6. ^

If GPT-2 is using weight decay, then the model learning exponentially large weights is a strong sign that this exponential scaling is really necessary for something else loss-relevant. Apparently the model is taking an exponential loss hit in order to implement these increasing weight norms.

ETA 5/7/23: Apparently LN parameters are not, in general, weight-decayed.

7. ^

Possible reasons for this discrepancy: (i) We do not take the attention pattern into account. The attention could give above-average weight to the BOS token whose OV-circuit output may be smaller. (ii) We measured the output norm for a random Gaussian input which may be a bad model for the residual stream.

8. ^

Seeing the exponential growth ( mlp_out) here would not be necessary but would be sufficient as evidence for theory 1 and against theory 2. This is because random vectors might qualitatively differ from typical residual stream activations and not reproduce the typical behaviour. If they do however reproduce the mlp_out scaling, this is unlikely to be coincidence.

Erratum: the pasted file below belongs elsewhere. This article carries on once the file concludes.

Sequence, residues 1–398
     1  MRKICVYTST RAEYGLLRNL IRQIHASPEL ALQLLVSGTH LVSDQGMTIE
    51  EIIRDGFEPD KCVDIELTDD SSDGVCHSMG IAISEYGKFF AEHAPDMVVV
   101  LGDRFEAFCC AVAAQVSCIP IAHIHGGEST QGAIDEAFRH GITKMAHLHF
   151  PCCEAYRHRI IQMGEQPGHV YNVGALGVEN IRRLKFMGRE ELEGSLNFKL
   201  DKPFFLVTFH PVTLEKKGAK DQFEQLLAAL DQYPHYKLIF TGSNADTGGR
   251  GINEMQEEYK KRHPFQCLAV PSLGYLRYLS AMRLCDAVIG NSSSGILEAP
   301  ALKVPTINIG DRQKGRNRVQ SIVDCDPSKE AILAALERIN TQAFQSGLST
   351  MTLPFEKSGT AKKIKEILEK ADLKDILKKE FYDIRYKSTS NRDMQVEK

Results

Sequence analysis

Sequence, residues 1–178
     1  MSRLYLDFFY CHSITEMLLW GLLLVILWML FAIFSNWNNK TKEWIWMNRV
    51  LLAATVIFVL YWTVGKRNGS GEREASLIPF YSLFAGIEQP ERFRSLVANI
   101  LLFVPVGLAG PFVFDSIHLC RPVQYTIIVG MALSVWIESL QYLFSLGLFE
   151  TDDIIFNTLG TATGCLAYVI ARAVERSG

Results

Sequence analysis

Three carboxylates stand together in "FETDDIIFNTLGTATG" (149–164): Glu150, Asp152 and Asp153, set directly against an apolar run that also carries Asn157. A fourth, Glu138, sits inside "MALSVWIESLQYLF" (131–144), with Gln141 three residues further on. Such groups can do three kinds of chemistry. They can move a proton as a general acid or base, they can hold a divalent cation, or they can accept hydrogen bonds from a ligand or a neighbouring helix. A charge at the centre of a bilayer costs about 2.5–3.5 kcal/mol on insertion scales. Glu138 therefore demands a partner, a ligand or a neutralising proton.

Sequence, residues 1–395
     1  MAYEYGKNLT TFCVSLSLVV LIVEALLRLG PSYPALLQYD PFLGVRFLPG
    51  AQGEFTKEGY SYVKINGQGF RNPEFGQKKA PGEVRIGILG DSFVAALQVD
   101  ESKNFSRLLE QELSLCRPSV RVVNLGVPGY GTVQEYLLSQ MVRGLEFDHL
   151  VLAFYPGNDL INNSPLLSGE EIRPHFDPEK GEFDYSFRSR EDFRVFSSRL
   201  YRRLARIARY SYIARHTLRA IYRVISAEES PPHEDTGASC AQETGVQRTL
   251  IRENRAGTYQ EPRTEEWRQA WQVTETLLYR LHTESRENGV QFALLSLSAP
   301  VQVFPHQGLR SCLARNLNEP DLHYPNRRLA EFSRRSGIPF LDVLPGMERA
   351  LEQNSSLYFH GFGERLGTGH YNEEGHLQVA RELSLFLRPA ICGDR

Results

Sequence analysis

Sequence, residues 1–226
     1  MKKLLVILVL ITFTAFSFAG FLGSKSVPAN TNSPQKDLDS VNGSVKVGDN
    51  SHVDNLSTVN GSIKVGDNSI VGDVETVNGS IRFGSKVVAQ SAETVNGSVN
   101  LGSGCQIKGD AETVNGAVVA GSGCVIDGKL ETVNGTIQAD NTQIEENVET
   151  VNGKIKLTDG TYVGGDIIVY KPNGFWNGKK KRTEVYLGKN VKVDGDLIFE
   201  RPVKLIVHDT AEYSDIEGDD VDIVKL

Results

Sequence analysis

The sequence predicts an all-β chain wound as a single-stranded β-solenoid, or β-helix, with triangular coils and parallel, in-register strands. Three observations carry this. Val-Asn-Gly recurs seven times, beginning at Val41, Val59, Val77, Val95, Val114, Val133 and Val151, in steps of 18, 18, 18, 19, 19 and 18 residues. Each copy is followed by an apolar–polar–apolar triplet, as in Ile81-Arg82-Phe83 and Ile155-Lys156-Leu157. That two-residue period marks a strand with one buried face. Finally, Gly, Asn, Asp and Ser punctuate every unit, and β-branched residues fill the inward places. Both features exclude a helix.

9. ^

Note that we used TransformerLens to test all models, which (by default) does a couple of weight-rewriting tricks (such as fold_ln, center_writing_weights) that do not change the model output, but might affect the regularization.

10. ^

Randomly resampled resid_mid activations, taken from positions 1 to 6 to avoid BOS and padding tokens.

comment by Joseph Bloom (Jbloom) · 2023-05-08T01:57:49.335Z · LW(p) · GW(p)

Second pass through this post which solidly nerd-sniped me!

A quick summary of my understand of the post: (intentionally being very reductive though I understand the post may make more subtle points).

1. There appears to be exponential growth in the norm of the residual stream in a range of models. Why is this the case?
2. You consider two hypotheses:
1. 1. That the parameters in the Attention and/or MLP weights increase later in the network.
2. 2. That there is some monkey business with the layer norm sneaking in a single extra feature.
3. In terms of evidence, you found that:
1. Evidence for theory one in W_OV frobenius norms increasing approximately exponential over layers.
2. Evidence for theory one in MLP output to the residual stream increasing (harder to directly measure the norm of the MLP due to non-linearities).
4. You're favoured explanation is "We finally note our current favored explanation: Due to LayerNorm, it's hard to cancel out existing residual stream features, but easy to overshadow existing features by just making new features 4.5% larger. "